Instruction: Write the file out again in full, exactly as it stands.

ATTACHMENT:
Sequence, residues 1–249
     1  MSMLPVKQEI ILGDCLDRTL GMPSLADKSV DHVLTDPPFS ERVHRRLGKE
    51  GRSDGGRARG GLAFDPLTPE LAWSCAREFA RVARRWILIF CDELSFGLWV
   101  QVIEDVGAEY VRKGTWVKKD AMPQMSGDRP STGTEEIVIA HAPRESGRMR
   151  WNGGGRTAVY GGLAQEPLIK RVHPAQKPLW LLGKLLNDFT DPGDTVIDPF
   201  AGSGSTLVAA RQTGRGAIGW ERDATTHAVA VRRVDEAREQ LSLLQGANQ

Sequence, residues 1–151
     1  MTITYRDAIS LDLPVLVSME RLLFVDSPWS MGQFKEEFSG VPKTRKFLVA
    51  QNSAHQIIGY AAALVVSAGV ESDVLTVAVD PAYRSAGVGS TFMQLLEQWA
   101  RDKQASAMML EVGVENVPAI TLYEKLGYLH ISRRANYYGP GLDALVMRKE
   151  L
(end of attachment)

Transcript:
Sequence, residues 1–249
     1  MSMLPVKQEI ILGDCLDRTL GMPSLADKSV DHVLTDPPFS ERVHRRLGKE
    51  GRSDGGRARG GLAFDPLTPE LAWSCAREFA RVARRWILIF CDELSFGLWV
   101  QVIEDVGAEY VRKGTWVKKD AMPQMSGDRP STGTEEIVIA HAPRESGRMR
   151  WNGGGRTAVY GGLAQEPLIK RVHPAQKPLW LLGKLLNDFT DPGDTVIDPF
   201  AGSGSTLVAA RQTGRGAIGW ERDATTHAVA VRRVDEAREQ LSLLQGANQ

Sequence, residues 1–151
     1  MTITYRDAIS LDLPVLVSME RLLFVDSPWS MGQFKEEFSG VPKTRKFLVA
    51  QNSAHQIIGY AAALVVSAGV ESDVLTVAVD PAYRSAGVGS TFMQLLEQWA
   101  RDKQASAMML EVGVENVPAI TLYEKLGYLH ISRRANYYGP GLDALVMRKE
   151  L